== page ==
Melted boots, faded batteries: supply depot has it covered
By Beth Nissen
NEW YORK (CNN) -- Serving as supply central for ground zero, a parking lot outside the Javits Convention Center in Manhattan is stacked with donated goods from across the country, sorted and distributed by a battalion of volunteers.
They include Cris Carnicelli, who was, until last Tuesday, a waitress in a World Trade Center restaurant.
"This place has become essential. Anybody who's coming here to get supplies is going down to ground zero. And we know that," Carnicelli said.
The center depot is well stocked with a number of necessities for emergency efforts. A group of police officers might walk out with filter masks, flashlights and batteries. But other requests are harder to fill.
There is a request for 30 respirators but Carnicelli finds there are none of the type. The depot is short of air filters that can remove asbestos, which some fear swirls around the smoldering remains of the twin towers.
Depot coordinators print daily updates of the most critical shortages. On today's most-needed list: cell phone chargers, asbestos-grade respirators and boots.
Some of those sifting through ground zero reportedly need a new pair after every few hours. Nelson Santiago, an unemployed demolition worker, said he has seen hundreds of ruined pairs of work boots.
"Some of them come torn in half. Some of them break down in half. And some of them will be, like, wasted on one side or the other. Melted, because of the heat," he said.
As work at the attack site reaches new levels, the requests for supplies change. Some emergency crews need rappelling ropes to drop down into a hole about 200 feet deep.
Like everyone else, volunteers here have held out hope of survivors. But the supply requests paint an increasingly grim picture. Carnicelli was sending out boxes of heavy work gloves, until yesterday.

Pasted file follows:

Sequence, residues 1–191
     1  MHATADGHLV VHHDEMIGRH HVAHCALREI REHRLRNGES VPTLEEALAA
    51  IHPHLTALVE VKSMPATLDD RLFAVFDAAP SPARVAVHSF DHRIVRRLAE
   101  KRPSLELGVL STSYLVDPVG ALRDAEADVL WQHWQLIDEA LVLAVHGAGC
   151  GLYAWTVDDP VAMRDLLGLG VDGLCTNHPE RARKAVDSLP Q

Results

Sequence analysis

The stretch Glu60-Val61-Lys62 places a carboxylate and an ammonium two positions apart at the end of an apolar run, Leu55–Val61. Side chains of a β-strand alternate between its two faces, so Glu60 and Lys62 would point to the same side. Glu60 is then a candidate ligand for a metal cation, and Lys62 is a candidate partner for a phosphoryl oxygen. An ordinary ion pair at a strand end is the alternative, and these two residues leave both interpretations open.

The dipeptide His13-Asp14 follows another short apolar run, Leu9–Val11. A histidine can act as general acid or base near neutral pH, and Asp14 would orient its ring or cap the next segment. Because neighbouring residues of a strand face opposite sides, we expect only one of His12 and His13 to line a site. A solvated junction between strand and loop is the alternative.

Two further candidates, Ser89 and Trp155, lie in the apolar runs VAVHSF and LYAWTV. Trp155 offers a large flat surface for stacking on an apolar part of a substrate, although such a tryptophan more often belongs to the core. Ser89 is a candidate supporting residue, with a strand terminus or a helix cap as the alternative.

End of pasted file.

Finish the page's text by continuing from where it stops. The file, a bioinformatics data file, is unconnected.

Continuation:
"Now as they dig deeper and start investigating and doing forensics and stuff, we've been getting requests for rubber gloves," he said.
Boxes of mass trauma supplies, field dressings, medical sponges are being boxed up for storage, unneeded.
Workers recently took in a shipment of 2,000 small Styrofoam coolers, for storage of the body parts that workers are recovering.
Donations of goods and materials continue to flood in, some addressed simply to "Ground Zero, New York City."
Some contain still-needed goods: Eyedrops for smoke-stung eyes. Epsom salts for the weary. Vicks VapoRub is in high demand. It seems to give relief from the all the smoke and ash.
But supply workers repeated their call today for a halt in donations of clothing and other unneeded supplies.
"We do not need water. We do not need food supplies right now. We can't house all the stuff that people are trying to donate," said depot coordinator Cheryl Campbell.
Truckloads of overflow donations are being diverted to Shea Stadium, an hour's drive away.
Supply coordinators say what is most needed now is money, which is given to relief funds and the Red Cross. They also hope people will bank their good intentions; their willingness to help will still be greatly needed for weeks to come.
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